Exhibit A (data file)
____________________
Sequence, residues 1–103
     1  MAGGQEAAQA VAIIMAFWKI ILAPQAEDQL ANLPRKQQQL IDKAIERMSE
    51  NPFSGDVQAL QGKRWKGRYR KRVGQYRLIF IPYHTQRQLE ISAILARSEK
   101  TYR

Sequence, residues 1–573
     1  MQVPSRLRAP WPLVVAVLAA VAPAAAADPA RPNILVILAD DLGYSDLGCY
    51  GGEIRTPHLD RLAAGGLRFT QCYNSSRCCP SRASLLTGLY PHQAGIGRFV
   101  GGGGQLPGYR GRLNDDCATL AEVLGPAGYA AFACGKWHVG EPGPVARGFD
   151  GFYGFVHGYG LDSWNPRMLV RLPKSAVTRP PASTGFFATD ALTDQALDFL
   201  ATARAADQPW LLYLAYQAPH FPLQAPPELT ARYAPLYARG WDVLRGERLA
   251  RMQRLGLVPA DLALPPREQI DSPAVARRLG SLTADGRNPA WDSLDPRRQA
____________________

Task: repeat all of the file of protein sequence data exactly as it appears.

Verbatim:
Sequence, residues 1–103
     1  MAGGQEAAQA VAIIMAFWKI ILAPQAEDQL ANLPRKQQQL IDKAIERMSE
    51  NPFSGDVQAL QGKRWKGRYR KRVGQYRLIF IPYHTQRQLE ISAILARSEK
   101  TYR

Sequence, residues 1–573
     1  MQVPSRLRAP WPLVVAVLAA VAPAAAADPA RPNILVILAD DLGYSDLGCY
    51  GGEIRTPHLD RLAAGGLRFT QCYNSSRCCP SRASLLTGLY PHQAGIGRFV
   101  GGGGQLPGYR GRLNDDCATL AEVLGPAGYA AFACGKWHVG EPGPVARGFD
   151  GFYGFVHGYG LDSWNPRMLV RLPKSAVTRP PASTGFFATD ALTDQALDFL
   201  ATARAADQPW LLYLAYQAPH FPLQAPPELT ARYAPLYARG WDVLRGERLA
   251  RMQRLGLVPA DLALPPREQI DSPAVARRLG SLTADGRNPA WDSLDPRRQA